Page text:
ISRO’s Reusable Launch Vehicle

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    • Recently, ISRO successfully carried out the landing experiment of the Reusable Launch Vehicle-Technology Demonstration (RLV-TD) programme.

    More about the news

    • Location of the experiment:
      • The space agency conducted the ‘Reusable Launch Vehicle Autonomous Landing Mission (RLV LEX)’ at the Aeronautical Test Range of the Defence Research and Development Organisation (DRDO) in Karnataka’s Challakere, in Chitradurga district.
    • Course of landing experiment:
      • An Indian Air Forces (IAF) Chinook helicopter was used to drop the RLV-TD from a 4.5 km altitude and ISRO executed the landing experiment of the RLV-TD as planned.
      • The release of the RLV was autonomous as it performed approach and landing maneuvers using Integrated Navigation, Guidance, and control system and completed an autonomous landing on the airstrip
    • Significance:
      • The space agency ISRO has said that in a first in the world, a winged body has been carried to an altitude of 4.5 km by helicopter and released for carrying an autonomous landing on a runway.

    More about Reusable Launch Vehicle-Technology Demonstration (RLV-TD):

    • Objective:
      • One of the key objectives of mastering the RLV technology is to achieve low cost access to space.
    • Configuration: 
      • According to ISRO the configuration of RLV-TD is similar to that of an aircraft and combines the complexity of both launch vehicles and aircraft.
      • The winged RLV-TD has been configured to act as a flying test bed to evaluate various technologies, namely, hypersonic flight, autonomous landing, and powered cruise flight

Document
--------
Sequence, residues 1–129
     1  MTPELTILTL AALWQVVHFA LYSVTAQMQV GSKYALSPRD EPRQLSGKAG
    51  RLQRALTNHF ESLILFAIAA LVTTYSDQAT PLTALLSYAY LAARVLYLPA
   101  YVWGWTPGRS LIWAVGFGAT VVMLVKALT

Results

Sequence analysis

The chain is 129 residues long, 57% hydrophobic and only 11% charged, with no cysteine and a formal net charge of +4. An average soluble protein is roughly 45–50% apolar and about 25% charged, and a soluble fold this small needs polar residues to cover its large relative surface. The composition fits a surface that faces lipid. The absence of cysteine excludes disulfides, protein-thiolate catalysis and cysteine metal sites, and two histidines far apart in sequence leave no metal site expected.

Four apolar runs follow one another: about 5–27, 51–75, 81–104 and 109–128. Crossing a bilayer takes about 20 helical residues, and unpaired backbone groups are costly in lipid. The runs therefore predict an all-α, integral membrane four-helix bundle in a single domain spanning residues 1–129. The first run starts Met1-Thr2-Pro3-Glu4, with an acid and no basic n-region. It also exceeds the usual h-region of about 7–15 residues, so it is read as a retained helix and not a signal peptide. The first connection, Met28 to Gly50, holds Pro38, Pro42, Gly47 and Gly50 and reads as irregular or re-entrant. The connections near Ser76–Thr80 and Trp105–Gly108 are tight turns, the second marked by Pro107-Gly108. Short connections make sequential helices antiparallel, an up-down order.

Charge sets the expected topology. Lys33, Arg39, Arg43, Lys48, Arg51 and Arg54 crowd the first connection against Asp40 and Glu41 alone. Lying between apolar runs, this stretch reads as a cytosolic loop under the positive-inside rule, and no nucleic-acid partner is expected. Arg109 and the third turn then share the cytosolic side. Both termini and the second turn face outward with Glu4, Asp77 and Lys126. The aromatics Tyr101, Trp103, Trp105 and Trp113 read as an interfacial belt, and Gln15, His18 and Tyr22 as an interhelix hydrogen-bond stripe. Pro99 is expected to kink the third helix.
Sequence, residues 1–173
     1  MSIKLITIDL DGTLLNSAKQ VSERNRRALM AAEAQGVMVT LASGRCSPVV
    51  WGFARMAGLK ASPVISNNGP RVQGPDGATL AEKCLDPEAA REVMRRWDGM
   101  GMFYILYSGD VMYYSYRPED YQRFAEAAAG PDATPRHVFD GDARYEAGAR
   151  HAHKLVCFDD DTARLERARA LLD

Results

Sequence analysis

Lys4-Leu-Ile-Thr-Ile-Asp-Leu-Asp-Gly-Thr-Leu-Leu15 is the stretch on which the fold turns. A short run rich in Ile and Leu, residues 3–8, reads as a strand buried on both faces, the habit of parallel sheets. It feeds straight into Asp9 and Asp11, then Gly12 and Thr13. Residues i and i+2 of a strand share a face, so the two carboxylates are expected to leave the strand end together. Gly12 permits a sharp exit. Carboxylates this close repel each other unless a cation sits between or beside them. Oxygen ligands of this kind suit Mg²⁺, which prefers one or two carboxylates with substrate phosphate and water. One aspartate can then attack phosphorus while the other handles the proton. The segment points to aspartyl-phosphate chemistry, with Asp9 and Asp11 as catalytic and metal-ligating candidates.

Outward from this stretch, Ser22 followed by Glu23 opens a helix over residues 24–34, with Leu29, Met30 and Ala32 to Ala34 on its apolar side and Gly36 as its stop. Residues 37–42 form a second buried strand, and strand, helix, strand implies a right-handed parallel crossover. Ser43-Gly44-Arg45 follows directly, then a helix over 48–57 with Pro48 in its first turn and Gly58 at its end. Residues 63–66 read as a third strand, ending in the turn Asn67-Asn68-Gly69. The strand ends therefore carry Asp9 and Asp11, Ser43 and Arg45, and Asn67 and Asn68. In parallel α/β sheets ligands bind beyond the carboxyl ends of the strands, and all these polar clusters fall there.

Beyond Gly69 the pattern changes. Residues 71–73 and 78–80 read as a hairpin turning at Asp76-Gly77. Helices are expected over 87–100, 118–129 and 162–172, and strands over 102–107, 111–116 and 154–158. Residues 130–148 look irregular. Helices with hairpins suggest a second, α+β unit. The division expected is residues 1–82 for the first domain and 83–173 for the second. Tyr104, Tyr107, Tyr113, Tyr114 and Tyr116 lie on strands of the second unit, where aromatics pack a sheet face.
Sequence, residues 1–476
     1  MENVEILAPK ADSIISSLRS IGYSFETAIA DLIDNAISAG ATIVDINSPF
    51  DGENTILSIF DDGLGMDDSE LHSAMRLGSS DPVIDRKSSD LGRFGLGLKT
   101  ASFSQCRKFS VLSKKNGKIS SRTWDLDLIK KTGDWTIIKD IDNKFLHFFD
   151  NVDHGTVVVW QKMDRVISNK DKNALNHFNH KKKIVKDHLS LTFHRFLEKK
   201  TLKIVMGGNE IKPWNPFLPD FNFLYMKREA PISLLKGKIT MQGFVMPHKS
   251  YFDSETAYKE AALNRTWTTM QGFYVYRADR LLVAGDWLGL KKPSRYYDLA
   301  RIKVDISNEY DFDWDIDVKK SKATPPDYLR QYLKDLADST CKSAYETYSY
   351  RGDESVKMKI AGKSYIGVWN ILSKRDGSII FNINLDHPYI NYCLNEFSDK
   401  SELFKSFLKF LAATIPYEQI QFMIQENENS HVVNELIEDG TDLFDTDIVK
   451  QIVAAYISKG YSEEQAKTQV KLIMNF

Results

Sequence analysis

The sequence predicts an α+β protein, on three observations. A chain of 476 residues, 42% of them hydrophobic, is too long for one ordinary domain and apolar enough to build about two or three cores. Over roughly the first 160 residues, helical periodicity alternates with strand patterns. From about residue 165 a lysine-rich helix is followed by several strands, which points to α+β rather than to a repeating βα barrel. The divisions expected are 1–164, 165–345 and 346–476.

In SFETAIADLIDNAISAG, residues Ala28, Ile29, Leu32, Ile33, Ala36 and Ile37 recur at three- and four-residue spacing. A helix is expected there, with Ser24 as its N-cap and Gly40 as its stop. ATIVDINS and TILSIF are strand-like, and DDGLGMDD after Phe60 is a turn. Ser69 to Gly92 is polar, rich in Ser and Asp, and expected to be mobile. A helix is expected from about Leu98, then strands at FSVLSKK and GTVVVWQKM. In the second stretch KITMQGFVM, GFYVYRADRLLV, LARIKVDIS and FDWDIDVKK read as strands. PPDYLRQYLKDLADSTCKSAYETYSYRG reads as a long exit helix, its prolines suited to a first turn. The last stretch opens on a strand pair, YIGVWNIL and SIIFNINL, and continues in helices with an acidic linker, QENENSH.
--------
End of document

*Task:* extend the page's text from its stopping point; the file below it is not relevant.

• RLV-TD consists of a fuselage (body), a nose cap, double delta wings, and twin vertical tails. It also features symmetrically placed active control surfaces called Elevons and Rudder.
    • Previous experiment:
      • RLV-TD was successfully flight tested on May 23, 2016, from Sriharikota validating the critical technologies such as autonomous navigation, guidance and control, reusable thermal protection system, and re-entry mission management.
      • During this mission the vehicle landed on a hypothetical runway over the Bay of Bengal.
        • The recent landing experiment is the second in the series of experimental flights of the programme.
    • Difference in the two tests?
      • According to ISRO, the first test with RLV-TD (HEX1) involved the vehicle landing on a hypothetical runway over the Bay of Bengal while the recent LEX experiment involved a precise landing on a runway.
    • Future Potential:
      • In the future, this vehicle will be scaled up to become the first stage of India’s reusable two-stage orbital launch vehicle.

    Significance

    • Boost to other operational launch vehicles of ISRO: 
      • Localized Navigation systems based on pseudolite systems, instrumentation and sensor systems, etc were developed by ISRO, adaptation of contemporary technologies developed for RLV LEX makes other operational launch vehicles of ISRO more cost-effective.
        • More experiments are in the pipeline to ensure that the RLV succeeds in payload delivery to low earth orbit, as ISRO plans to reduce the cost of the process by 80 per cent. 
        • The Return Flight Experiment and other related tests of the RLV are also being planned.
    • Cost factor:
      • With the costs acting as a major deterrent to space exploration, a reusable launch vehicle is considered a low-cost, reliable, and on-demand mode of accessing space.
      • Nearly 80 to 87 percent of the cost in a space launch vehicle goes into the structure of the vehicle. 
      • The costs of propellants are minimal in comparison
      • By using RLVs the cost of a launch can be reduced by nearly 80 percent of the present cost.

    Global advancement of RLV technologies 

    • NASA:
      • Reusable space vehicles have been in existence for a long time with NASA space shuttles carrying out dozens of human space flight missions.
    • Space X:
      • The use case for reusable space launch vehicles has revived with the private space launch services provider Space X demonstrating partially reusable launch systems with its Falcon 9 and Falcon Heavy rockets since 2017. 
        • SpaceX is also working on a fully reusable launch vehicle system called Starship.
    • Others:
      • Several private launch service providers and government space agencies are working on developing reusable launch systems in the world alongside ISRO.

    Source: TH